As the healthcare industry evolves toward “pay for value” vs. todays “pay for volume”, some pathology and laboratory leaders are looking for a larger role in this new world. Some have called it Laboratory 2.0. In this article, we highlight the challenges and the opportunity.
How will Pathologists survive shift to value based care?
The expansion of bundled payments, physician employment, and unconventional competitors continue to pressure the volume-based business model of laboratory medicine.And since they only account for 3% of health system spending, Labs don’t have enough leverage to play a central role in health reform initiatives.
Changing this picture is the ambitious goal of invitation-only brainstorming sessions among two dozen leading healthcare thinkers. The think-tank-style effort, named Project Santa Fe, includes leaders from five of the most innovative clinical laboratory operations in the country: TriCore; the Henry Ford, Geisinger, and Kaiser Permanente Northern California health systems; and New York’s Northwell Health.
At this time, there is no “current playbook on how to do business under bundled payment or under accountable care,” said TriCore Reference Laboratories CEO Khosrow Shotorbani, MT (ASCP) in an interview with CAP TODAY.
“The laboratory industry is reaching Six Sigma performance in the analytical stage” – 3.2 defects per 1 million transactions. “That’s almost perfect. The sad part is that on the pre-analytical we do a lousy job of really helping the physicians choose the right test. And on the back end, we do an equally poor job of helping them interpret the test and to map it onto the next stages of therapeutic treatment,” Shotorbani said. “Our current payment is tied to the analytical stage, yet our customers are moving toward pay for performance.”
Additionally, outside factors add to these shortcomings:
- Physicians do not follow up on about 6 in 10 outpatient test results
- Tests are overused about 30% of the time and underused about as often
- Tests are misused between 5%-50% of the time depending on disease
- Physicians’ failure to order the right test contributes to 55% of costly and possibly deadly medical errors
- Clinicians’ incorrect interpretation of diagnostic tests is a factor in nearly 40% of malpractice cases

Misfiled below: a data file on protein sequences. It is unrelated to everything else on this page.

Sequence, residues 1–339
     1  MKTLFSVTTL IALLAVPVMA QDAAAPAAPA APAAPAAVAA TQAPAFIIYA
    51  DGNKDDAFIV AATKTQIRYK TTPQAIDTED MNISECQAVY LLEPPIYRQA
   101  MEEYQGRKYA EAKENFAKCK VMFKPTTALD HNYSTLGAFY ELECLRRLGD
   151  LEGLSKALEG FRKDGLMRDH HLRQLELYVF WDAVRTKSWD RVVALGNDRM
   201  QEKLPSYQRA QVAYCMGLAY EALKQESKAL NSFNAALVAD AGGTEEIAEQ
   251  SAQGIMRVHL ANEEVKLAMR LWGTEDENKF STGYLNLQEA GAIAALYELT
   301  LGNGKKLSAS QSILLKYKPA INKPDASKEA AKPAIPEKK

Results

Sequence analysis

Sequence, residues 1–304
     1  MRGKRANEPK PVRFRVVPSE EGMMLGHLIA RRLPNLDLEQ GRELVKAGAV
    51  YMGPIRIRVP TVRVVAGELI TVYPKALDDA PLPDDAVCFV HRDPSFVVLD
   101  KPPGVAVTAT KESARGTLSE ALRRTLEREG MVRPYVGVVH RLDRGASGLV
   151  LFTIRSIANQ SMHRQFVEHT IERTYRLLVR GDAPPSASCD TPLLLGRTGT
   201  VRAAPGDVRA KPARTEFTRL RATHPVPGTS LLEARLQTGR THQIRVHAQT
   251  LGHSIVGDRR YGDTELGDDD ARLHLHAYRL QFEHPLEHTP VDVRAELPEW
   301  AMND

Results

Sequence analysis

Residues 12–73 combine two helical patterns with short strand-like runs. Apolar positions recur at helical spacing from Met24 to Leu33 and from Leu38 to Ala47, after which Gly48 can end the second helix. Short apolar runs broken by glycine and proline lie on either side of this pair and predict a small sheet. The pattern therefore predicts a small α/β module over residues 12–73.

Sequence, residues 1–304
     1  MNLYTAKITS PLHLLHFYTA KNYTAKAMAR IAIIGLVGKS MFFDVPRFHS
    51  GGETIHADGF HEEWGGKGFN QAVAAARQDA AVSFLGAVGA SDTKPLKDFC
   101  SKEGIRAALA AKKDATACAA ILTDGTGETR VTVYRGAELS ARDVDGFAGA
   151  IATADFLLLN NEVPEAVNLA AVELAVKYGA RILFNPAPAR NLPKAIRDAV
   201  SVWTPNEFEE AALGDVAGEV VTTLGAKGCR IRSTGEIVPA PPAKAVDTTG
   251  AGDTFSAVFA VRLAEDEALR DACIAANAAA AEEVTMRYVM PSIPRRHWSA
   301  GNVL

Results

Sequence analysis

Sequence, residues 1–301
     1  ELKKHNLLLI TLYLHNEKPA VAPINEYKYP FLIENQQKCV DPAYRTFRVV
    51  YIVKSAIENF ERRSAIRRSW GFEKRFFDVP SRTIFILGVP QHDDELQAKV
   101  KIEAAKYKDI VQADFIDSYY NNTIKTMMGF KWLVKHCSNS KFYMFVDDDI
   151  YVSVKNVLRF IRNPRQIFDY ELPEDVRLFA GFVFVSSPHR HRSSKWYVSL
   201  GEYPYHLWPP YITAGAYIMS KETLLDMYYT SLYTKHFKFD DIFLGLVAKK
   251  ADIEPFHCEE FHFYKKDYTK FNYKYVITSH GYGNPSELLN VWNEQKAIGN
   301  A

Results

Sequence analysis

“When we talk about value, it means people being willing to pay for outcomes, not just for efforts,” Shotorbani added. The main issue, he said, is that there is little capacity for labs to improve and create health care value within the domain over which they exert direct control. Current payment is tied to the analytical stage and the move to value based care further highlights lab inadequacies.
“The lab of today is by no means in a position to deal with the world of value-based health care,” Shotorbani continued. “The laboratories of the past focused on patient service centers, the cost per unit, their turnaround time, their contribution margins, and their test menus. We think that lab 2.0 should focus on cost per care episode or cost per population, moving from volume to value. That requires a whole new business model. . . . That’s not just going to require grabbing something off the shelf and you’re there. It will be a significant challenge to move from this model to the other one.”
The Project Santa Fee team is working to identify opportunities for labs to demonstrate clear value in ways that would bring the financial solvency laboratories need to operate and establish a recognized role for pathologists, clinical chemists, and laboratory scientists in how health care providers draw upon their knowledge and expertise.
“One of the opportunities,” Shotorbani said, “is a continuous diagnostic process.” That is, laboratories should vigorously seek moments in the continuum of care where they can—through use of their clinical data and expertise—intervene to help clinicians achieve better patient outcomes while improving the bottom line.
Creating Opportunities for Success